Take my yoke upon you, and learn from me, for I am gentle and lowly in heart, and you will find rest for your souls. For my yoke is easy, and my burden is light” – Matthew 11: 29-30

Last week I attempted to put the record straight regarding what I was reported to have said, at the recent CAPAM preconference meeting, in contrast to what I was trying to convey. The headline on page five of the Daily Nation for Monday 20 October was “Call to break from CSME”. The first sentence of the story was “Business consultant Dr. Basil Springer has suggested that Barbados break away from CSME”. I attempted to explain my position by saying that whereas I thought that we should expend our energy on making CSM work, I thought that it would be better to place the “E” on the shelf and await divine intervention.

I supported this by saying that, even though I would be pleasantly surprised, I did not expect many sovereign Caribbean governments to give up the power associated with this “E” policy space to a supranational body in my lifetime or in my children’s lifetime.

As would perhaps be expected, I received many deliberate email responses and other more casual and fortuitous reactions to this column. The feedback was varied and I shall share some of them with you as follows:

(1) “It is good to know that someone shares my opinion.  Barbados has proved that it requires no one in the Caribbean to look after it’s affairs, indeed we never really had any friends to offer assistance…CSME will never work, just take a look at the African concept and you have the answer.  Power must be taken, never surrendered…The economy can only improve if we focus on what is good for us and forget the Caribbean brotherhood ideas…the same way that all developed countries cater to themselves first and last, and only address foreign nations when there is a political gain or economic benefit…We also need to address the escalated illegal immigration, and the deportation of all caught in this activity.  As you stated, it drains our social services…There is also the need to critically assess our banking and information sectors, which seriously lag in the global market place…We need to be highly competitive in the international arena, we also need to rethink our education system…Finally it is nice to know we still have a few good men to say or to do, since all it takes, is for good men to do nothing, and evil will be the victor.  Barbados needs to replace the pride with focus, decisiveness and performance and we will always be ‘Better than the Rest’.   We need to be our brother’s keeper as a nation, and only our interdependence as Barbadians will see us through”.

(2) “I am a huge proponent of the CSME and I believe it’s the only way we can realistically compete in the globalised world we are already living in. However, one way to speed things up would be to go directly to the people, the average worker, and explain how the integration movement and fluid economy of an 8 million consumer market will benefit him/her and their families…employment opportunities, more competitive prices, less travel restrictions, etc. Enough time and energy has not been expended in explaining the idea and working reality of a CSME to the average person across the Caribbean. They in turn would put pressure on the politicians to engage and move more quickly towards the full CSME”.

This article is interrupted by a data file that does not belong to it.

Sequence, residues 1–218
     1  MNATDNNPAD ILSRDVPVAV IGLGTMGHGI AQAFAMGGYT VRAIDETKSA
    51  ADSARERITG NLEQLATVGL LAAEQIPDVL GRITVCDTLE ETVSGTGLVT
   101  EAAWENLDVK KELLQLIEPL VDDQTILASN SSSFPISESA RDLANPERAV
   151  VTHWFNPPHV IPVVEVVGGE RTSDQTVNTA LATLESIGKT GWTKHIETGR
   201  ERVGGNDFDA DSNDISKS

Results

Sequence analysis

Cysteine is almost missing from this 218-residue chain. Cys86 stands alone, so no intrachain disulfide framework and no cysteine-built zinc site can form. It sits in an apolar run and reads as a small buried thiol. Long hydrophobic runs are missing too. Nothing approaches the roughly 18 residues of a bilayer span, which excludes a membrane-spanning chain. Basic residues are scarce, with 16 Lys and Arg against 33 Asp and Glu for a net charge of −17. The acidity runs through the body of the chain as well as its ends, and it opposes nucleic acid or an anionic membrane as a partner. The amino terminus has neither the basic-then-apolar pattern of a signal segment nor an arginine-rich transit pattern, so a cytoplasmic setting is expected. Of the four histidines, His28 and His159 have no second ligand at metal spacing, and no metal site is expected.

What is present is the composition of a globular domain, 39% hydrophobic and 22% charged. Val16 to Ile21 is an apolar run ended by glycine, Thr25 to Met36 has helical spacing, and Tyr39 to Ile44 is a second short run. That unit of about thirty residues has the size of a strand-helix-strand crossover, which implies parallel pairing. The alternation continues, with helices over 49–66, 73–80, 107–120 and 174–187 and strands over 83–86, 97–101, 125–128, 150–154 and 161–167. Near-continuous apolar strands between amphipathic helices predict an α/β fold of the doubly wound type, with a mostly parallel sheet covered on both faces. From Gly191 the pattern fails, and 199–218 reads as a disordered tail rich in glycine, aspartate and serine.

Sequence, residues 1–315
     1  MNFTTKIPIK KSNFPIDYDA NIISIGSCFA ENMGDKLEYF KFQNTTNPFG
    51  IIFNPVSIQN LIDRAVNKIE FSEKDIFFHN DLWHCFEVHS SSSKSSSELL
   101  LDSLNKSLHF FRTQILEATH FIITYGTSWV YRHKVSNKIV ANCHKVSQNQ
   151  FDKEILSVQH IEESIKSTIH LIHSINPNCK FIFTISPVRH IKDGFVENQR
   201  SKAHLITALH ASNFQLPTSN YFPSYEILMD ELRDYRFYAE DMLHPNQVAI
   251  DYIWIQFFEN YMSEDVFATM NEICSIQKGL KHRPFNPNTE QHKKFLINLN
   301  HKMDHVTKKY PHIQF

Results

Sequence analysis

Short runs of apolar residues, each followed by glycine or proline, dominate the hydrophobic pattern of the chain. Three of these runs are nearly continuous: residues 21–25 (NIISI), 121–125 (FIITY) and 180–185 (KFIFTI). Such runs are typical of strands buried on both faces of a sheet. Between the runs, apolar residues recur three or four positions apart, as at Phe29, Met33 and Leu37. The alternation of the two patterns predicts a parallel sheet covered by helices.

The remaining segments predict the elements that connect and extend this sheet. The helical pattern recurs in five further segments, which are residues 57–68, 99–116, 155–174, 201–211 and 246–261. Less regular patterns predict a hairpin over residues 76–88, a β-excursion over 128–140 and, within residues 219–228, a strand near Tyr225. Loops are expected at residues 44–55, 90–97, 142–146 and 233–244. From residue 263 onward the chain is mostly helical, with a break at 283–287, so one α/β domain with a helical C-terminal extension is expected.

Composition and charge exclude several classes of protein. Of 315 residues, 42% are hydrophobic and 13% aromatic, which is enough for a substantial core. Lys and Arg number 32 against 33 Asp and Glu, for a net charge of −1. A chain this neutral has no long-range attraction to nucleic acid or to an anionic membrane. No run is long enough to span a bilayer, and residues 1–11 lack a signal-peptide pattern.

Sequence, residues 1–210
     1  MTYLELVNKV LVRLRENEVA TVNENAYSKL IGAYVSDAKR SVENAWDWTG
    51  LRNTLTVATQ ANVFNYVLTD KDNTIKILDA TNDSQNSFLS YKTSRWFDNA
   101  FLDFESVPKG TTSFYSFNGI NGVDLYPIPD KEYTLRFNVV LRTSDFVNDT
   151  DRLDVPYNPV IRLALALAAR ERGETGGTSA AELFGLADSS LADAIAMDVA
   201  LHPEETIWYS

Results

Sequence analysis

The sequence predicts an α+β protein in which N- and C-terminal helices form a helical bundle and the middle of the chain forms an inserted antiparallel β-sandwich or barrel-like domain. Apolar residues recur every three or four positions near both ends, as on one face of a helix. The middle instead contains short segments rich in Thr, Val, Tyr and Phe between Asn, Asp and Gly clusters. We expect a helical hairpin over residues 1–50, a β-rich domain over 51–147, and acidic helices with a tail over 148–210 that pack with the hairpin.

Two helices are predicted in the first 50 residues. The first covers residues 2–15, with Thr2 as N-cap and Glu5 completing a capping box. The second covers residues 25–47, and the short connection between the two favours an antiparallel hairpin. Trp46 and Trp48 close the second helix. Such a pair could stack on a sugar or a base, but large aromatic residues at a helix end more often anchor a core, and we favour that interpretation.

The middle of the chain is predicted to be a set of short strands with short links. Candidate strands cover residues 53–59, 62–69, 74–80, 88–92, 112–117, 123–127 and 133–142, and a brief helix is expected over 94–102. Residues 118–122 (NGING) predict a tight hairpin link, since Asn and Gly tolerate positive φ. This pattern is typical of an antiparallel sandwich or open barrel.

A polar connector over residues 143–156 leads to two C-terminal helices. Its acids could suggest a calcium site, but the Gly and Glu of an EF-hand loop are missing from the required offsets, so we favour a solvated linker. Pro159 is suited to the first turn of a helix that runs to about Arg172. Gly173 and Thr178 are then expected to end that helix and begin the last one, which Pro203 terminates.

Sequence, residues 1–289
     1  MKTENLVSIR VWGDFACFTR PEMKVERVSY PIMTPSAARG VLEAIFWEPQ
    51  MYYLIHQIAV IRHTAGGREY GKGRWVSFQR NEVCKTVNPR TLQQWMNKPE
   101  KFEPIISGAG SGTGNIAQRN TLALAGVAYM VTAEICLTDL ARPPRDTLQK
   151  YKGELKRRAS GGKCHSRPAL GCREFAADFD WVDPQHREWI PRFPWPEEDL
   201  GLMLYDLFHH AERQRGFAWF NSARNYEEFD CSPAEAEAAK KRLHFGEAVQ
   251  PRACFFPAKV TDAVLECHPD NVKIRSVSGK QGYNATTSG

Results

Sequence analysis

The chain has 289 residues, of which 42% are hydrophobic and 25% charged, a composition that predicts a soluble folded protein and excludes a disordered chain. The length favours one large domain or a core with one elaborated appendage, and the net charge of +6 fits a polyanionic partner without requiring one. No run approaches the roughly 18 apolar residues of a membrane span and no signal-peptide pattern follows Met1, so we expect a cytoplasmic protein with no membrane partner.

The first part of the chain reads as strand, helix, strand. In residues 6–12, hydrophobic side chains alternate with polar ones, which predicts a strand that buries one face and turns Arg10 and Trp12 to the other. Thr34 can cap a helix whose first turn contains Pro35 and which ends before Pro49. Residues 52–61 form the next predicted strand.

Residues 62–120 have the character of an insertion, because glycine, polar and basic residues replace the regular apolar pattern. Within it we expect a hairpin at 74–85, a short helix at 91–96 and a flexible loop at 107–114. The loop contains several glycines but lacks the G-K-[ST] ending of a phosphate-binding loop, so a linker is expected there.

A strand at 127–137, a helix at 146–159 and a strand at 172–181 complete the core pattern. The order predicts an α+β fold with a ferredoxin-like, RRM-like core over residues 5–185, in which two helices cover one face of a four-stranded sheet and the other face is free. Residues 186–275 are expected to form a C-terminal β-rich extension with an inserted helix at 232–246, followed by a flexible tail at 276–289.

(3) “Do I detect a note of pessimism dear Basil?  Heaven forbid!  That is not like you, nor should it be…Remember, Europe took more than 40 years to get the EC, now the EU, more or less right.  It wasn’t until the 1993 implementation of the 1992 Maastricht Treaty that the Europeans really began to get their economic act together and that supranationalism, via a European parliament, really began to take hold…And you’re right, we do need some kind of supranational, deliberative body that can handle the policy issues related to the realization and results of an eventual CSME”.

Feedback #1 is a “go it alone” perspective, if ever there was one. Feedback #2 is an integrationalist perspective, if ever there was one. Feedback # 3 elicited the following impulsive response from me which was well received. I said: “I am not giving up, just trying to shift focus.  The mere fact that the EC took forty years should be a lesson to us – it may take us one hundred years.  It would be useful to research the gradual progress that the individual countries made over those 40 years which led to the stage of development of their individual countries when the EU was formed.  They certainly nurtured their nations to a status of respectability in terms of social welfare and economic growth to the extent that they were all ‘developed’ nations when they entered the EU”.

I continued “In the context of the Caribbean, Barbados stands out both in terms of GDP per capita and Human Development Index.  The other countries within Caricom, for the most part, are trailing badly both from a socio and/or an economic perspective.  The disparity in the socio-economic success of our nations is too great at this time, we need to narrow it before we attempt an economic union.  This Single Economy drive is being hastily driven by emotion, it is not sustainable”. Feedback and food for thought!